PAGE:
I think Ubisoft scored the biggest all-around win at E3 2012. Certainly the biggest surprise of the show came from the publisher’s press conference in Watch Dogs. Then there are the many Assassin’s Creed 3 reveals — naval combat, Boston gameplay, a full-blown spin-off for PlayStation Vita — and the revelation of an entirely separate co-op campaign in Far Cry 3. Not to mention the reveal of Splinter Cell: Blacklist and the addition of bass guitar gameplay in an upcoming Rocksmith expansion. There’s also ZombiU, one of the standout Wii U launch window titles in a library that seems surprisingly tepid based on what’s been revealed so far. If Ubi has any competition on the “best of show” front, it’s from Sony, if only for Beyond: Two Souls and The Last of Us. Sony’s press conference is the clear winner of the show, but it’s telling that some of the highlight moments during that event went to Ubisoft games.
As far as the show’s losers go, the unenviable top spot here is held by Nintendo. Following 2011’s bungled Wii U reveal, Nintendo really needed to put on a good show for this year’s upcoming console release. We do know more about the launch library of software and we’ve got a better sense of what the hardware feels like, but no one — not even Nintendo — seems entirely sure of what kind of space the Wii U will occupy in the market. The online portal that is Miiverse only adds to the confusion; it’s still not entirely clear how it works or what sort of value it will add to the new platform. With the Wii U arriving in less than six months from now — barring any last-minute delays, of course — I think we were all expecting to come out of E3 2012 knowing much more about the console than we do now.
Yeah I reiterate what I said in the first round: All three console makers were the big losers this year. Sony had some really strong PlayStation 3 games to show. Beyond may not seem to innovate much on Quantic Dream’s formula, but it seems like a cool story nonetheless. Wonderbook and Last of Us are also promising. Where the hell were the Vita games though? With the exception of Assassin’s Creed Liberation, not a single major original game was announced for the handheld [Call of Duty: Black Ops Declassified was revealed, but with no details at all other than the name and a vague holiday release]. This week’s new release Gravity Rush is a lonely slice of originality on the handheld, and I would have liked to see some stablemates for it at E3 last week.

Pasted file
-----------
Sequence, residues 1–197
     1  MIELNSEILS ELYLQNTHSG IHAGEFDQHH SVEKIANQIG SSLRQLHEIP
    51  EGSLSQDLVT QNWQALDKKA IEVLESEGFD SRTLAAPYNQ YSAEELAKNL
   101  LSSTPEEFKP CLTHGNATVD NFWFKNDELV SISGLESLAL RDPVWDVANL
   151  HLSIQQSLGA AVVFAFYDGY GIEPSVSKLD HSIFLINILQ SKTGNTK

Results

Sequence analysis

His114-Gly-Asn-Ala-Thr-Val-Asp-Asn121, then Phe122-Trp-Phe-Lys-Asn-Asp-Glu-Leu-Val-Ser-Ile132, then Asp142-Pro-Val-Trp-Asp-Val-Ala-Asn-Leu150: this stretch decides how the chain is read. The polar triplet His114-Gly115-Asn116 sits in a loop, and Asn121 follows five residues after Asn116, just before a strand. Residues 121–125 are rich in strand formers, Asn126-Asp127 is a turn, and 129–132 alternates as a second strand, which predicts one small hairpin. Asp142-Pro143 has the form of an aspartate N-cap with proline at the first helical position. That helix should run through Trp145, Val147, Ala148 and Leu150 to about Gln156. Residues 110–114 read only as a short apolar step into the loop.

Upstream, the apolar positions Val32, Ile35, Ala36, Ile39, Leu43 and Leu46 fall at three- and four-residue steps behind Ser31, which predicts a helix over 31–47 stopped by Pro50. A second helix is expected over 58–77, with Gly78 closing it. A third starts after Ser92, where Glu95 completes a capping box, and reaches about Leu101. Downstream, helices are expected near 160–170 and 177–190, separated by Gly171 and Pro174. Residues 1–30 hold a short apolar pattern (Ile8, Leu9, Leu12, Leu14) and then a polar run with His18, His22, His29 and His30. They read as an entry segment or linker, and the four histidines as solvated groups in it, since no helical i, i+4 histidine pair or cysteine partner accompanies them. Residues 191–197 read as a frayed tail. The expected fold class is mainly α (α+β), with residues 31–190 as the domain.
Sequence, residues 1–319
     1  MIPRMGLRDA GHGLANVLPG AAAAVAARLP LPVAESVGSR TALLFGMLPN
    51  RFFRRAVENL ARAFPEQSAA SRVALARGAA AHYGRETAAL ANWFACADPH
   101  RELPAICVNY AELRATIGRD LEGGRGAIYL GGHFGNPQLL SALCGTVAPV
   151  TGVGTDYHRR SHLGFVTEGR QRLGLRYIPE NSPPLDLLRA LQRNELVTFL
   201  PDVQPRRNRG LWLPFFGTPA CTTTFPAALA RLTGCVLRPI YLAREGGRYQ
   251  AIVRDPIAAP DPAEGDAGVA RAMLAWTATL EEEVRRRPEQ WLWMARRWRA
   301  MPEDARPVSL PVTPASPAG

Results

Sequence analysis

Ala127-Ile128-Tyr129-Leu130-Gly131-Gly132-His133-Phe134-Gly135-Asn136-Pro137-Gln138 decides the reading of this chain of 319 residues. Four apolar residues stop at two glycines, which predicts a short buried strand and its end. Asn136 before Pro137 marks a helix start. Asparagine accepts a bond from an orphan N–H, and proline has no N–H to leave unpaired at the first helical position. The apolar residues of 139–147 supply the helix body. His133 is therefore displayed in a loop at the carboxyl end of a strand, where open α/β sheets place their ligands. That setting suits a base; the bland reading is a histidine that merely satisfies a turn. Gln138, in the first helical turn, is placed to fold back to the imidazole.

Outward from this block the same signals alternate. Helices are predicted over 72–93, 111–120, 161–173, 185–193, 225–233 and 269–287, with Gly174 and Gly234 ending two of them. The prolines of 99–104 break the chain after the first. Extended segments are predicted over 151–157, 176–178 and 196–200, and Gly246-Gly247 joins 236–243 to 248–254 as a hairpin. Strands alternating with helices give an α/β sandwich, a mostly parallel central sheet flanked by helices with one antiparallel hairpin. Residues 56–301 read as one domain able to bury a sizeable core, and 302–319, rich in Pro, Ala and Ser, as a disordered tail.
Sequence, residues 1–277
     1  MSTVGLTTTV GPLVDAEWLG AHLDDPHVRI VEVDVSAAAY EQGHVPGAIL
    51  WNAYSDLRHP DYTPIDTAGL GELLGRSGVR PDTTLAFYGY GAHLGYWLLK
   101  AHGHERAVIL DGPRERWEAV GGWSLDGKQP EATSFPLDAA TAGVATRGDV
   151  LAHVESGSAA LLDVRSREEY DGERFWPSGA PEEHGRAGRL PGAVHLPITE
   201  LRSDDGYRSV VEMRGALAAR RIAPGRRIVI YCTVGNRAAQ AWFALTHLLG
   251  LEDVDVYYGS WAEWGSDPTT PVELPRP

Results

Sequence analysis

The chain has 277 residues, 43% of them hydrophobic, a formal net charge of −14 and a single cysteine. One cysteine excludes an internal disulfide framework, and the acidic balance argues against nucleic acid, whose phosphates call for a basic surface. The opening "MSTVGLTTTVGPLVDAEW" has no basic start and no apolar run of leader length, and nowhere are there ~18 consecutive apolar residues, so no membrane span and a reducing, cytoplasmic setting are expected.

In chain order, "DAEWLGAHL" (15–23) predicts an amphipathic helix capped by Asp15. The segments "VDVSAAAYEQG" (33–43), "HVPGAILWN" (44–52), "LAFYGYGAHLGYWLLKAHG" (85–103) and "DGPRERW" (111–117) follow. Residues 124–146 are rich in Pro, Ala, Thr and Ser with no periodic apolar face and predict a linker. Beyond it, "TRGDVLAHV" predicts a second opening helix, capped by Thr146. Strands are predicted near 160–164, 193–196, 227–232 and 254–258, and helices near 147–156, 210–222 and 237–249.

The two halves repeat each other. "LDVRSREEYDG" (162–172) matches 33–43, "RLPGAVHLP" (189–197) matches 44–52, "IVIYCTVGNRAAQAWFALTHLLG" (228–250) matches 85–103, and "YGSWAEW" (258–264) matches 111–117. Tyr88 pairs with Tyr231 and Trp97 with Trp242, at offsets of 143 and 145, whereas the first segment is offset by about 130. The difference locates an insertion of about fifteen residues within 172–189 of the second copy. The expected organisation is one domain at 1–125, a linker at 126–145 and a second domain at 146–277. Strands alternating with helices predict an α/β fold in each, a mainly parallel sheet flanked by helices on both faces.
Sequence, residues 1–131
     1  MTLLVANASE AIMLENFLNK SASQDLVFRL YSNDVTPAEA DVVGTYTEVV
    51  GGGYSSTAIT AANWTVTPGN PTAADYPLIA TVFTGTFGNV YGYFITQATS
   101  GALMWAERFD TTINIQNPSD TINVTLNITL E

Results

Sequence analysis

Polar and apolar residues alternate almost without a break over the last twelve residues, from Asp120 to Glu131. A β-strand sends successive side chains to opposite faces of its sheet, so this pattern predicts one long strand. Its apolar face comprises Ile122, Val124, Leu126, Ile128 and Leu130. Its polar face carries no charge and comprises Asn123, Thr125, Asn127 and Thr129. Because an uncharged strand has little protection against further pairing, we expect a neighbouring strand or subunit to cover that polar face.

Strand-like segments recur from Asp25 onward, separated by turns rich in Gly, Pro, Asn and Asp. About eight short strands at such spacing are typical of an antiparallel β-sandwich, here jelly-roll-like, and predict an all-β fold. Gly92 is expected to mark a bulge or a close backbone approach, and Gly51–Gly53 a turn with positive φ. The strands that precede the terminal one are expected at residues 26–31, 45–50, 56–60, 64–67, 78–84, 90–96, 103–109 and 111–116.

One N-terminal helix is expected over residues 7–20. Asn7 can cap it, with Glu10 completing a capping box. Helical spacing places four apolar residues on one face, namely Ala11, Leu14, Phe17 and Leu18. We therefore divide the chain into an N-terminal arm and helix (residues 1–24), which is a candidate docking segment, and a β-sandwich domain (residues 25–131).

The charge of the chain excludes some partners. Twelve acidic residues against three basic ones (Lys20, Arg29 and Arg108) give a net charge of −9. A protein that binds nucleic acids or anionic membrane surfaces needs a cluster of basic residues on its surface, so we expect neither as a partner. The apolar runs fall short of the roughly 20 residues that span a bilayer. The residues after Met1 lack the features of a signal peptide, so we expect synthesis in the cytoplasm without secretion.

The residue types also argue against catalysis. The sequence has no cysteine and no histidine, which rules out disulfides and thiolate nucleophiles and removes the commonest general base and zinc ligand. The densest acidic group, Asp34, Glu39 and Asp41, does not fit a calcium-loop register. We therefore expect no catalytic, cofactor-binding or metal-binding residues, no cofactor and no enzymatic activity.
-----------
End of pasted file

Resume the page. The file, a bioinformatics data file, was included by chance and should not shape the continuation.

I don’t know how anyone (outside of the company’s most die-hard, delusional fans) could claim that Nintendo wasn’t the big loser of E3 2012. Sure, we all expected the company to show off a ton of new sequels to their core series — rehashing old series has been the firm’s entire business model for the past two decades — but this was Nintendo’s big chance to finally offer fans some facet of the Wii U to be genuinely excited about. Instead we get a new controller that liberally swipes design ideas from Microsoft, new games that certainly don’t look “next-gen,” and a touchscreen controller that, in almost every application, seemingly hinders gameplay more than anything else. The only novel thing the company had to show off was that Miiverse initiative which initially seemed promising, but quickly turned into just another iteration of Nintendo’s eternal drive to sanitize online gameplay at the expense of fun.
Nintendo was the biggest loser, but only because it failed to meet expectations. Nintendo announced 23 titles coming out for its new system, which is remarkable. In another show, that would be an outstanding presentation, but that isn’t what people wanted. And we aren’t just talking the gaming press, Nintendo’s stock took a huge hit following the lack of reveal at E3. We wanted and expected to know more about the console that is due out in a matter of months. Whether it is a tactical move or not, you can’t help wondering if the console isn’t entirely ready or if Nintendo is worried that the specs won’t impress after months of scrutiny. That may be untrue, but you can’t help thinking it.
Besides that, the Wii U has yet to capture our imagination. The Wii was a success because it allowed anyone to pick up and play with their friends. With the Wii U, the gamepad makes that harder to do. Many of the gamepad-specific games had one person be “it,” as the other players were playing against them. That experience may be exceptional with five players, but it will be essentially unplayable with just two, or even three players. Nintendo needed to convince people the Wii U was the future of gaming, and it didn’t. It may still in the coming days, but it certainly didn’t ease concerns at this E3.